25 May, 2012

Herschel Lewis Austin

Herschel Lewis Austin was a British furniture-maker and Labour Party politician who served as a Member of Parliament (MP) from 1945 to 1950. Austin was born in Plymouth, England, the son of Austrian immigrants, who later anglicised their surname from the Austrian "Ornstein".

Lew, as he was known, grew up in poverty in the East End of London. His father Mordechai (Max), a bamboo worker, died of pulmonary tuberculosis at the age of 44, when Lewis was aged just 3, in 1914.

After leaving school at the age of 11, he educated himself as much as he could by attending night classes and visiting libraries when he wasn't working as an apprentice cabinet maker. He owed much of his wide-ranging education to Toynbee Hall, a benevolent institution still active in the East End. He later went into business with his three of his brothers, producing affordable furniture with what became Austinsuite furnishings, a precursor to the flatpack furniture later adopted by M.F.I. in the U.K.

During World War II, the family business, F Austin Leyton Ltd, manufactured military aircraft including the de Havilland Mosquito. Lew Austin was production manager. On one occasion Lord Beaverbrook, the Canadian newspaper entrepreneur who was Minister of Aircraft Production in Churchill's war Ministry, visited the factory and was shown round by "Mr. Lew".

In 1944, after having previously been refused permission to leave his civilian employment, Lew Austin joined the Royal Navy Volunteer Reserve where he served first on destroyers in the Mediterranean and then in the Fleet Air Arm, ending up in a staff position at a Naval headquarters at Lee on Solent rising to the rank of Sub Lieutenant (Sub.-Lt). He was also prominent in the Fabian Society along with his older brother, the late Frank Austin O.B.E., and was effectively headhunted for a direction shift into politics, after being told by a colleague, "You are wasted here, you're needed in the Labour Party".

He joined the party, and in Labour's landslide victory at the 1945 general election he was elected as Member of Parliament (MP) for the Stretford constituency in Manchester, defeating the sitting Conservative MP, Ralph Etherton. He held his seat until the 1950 election, when he was beaten by the Conservative candidate Samuel Storey.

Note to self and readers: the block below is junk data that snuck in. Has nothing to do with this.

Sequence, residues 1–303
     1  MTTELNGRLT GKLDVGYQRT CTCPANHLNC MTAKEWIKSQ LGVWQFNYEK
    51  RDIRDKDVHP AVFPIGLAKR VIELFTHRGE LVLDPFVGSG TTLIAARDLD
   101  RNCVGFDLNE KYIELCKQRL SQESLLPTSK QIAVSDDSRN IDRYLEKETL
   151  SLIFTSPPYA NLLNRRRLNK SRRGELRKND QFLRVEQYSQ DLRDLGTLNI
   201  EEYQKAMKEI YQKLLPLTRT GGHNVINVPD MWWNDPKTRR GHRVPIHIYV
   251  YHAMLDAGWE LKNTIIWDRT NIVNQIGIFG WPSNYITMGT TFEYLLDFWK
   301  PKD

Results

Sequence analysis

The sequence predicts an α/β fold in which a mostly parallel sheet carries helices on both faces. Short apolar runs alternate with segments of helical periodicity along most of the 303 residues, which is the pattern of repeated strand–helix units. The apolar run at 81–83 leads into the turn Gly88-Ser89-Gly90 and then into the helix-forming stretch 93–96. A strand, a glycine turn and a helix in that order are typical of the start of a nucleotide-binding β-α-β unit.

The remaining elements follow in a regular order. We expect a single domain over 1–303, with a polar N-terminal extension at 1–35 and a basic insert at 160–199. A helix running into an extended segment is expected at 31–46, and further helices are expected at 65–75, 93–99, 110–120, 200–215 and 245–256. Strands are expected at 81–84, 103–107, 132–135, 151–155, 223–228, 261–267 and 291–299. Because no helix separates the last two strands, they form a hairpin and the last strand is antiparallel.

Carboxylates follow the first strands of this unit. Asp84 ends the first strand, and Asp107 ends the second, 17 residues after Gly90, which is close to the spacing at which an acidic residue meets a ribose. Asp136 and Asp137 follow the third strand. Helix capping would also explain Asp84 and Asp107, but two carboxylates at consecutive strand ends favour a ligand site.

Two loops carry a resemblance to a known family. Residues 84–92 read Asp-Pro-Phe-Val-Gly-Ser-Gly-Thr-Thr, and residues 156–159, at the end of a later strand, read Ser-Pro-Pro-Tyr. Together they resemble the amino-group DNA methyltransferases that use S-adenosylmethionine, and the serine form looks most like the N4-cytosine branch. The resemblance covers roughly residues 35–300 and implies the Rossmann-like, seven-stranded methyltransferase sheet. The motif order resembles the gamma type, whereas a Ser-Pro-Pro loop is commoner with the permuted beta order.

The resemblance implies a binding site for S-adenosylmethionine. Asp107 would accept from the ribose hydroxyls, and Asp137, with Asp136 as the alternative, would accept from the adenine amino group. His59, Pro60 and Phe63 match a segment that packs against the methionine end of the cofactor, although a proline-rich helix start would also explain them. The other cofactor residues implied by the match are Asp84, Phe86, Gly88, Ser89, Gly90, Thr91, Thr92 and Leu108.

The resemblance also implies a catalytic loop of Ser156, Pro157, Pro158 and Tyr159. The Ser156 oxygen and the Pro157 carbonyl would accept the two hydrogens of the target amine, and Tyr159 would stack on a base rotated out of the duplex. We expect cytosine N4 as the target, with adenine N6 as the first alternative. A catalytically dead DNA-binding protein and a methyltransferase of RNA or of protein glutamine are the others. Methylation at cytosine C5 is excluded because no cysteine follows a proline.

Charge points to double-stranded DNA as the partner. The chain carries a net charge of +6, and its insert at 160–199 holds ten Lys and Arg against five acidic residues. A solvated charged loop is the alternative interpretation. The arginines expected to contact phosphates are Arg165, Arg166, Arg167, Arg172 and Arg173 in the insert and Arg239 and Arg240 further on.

Born to an immigrant family originating from a rabbinic dynasty in the former Austro-Hungarian Empire, now the Ukraine, he was an ardent humanist. When campaigning for the seat he eventually won, late in 1945 when the ashes of World War II were still glowing, he was asked by a heckler at a political rally "what is the candidate's religion?". He replied "I have no religion; I am a free thinker. But I am a Jew and a carpenter and the son of a capenter but unlike another son of a capenter two thousand years ago I don't expect to be crucified for my beliefs."

During his time in Parliament Lewis Austin was one of a dozen or so Jewish Members during the period when the British Mandate of Palestine ended and the state of Israel was born. He and his Jewish colleagues fought many battles in the party room over British policy on the Palestine issue. Austin, who regarded the Foreign Secretary Ernest Bevin as an antimsemite, once challenged Bevin to 'come outside' the party room. Austin had been a keen amateur boxer as a young man. He later told family members that Bevin had suggested "we can leave it to the Arabs to kick the bloody Jews into the sea".

At that time Austin published a circular entitled "the importance of being Ernest (Bevin)" which attacked Bevin and his policies roundly, and as result faced discipline from Transport House, headquarters of the Labour Party.

Austin gained something of a reputation as a leftwing firebrand while in Parliament, and some years later was detained on Ellis Island by US immigration for a number of days on suspicion of being a communist, at the height of the McCarthyist movement in the USA.

After his brief stint in politics, he moved with his wife and young family to Jamaica for a number of years, living in Montego Bay. It was there he took time out to reflect on his next career move. He later returned to the U.K., bring his family to the Hove area, near Brighton in Sussex. He then worked for a four to six month stint as a door-to-door salesman of the Encyclopædia Britannica. He was discouraged from carrying this on by his wife, the late Irene Austin, later Dame Irene Murray, of the Knights of Saint John, Malta. He then set up his own business in dealing with Stocks and Shares, acting as a licensed dealer until his untimely death in April 1974, not long after the Black Monday stock market crash of Spring 1974.

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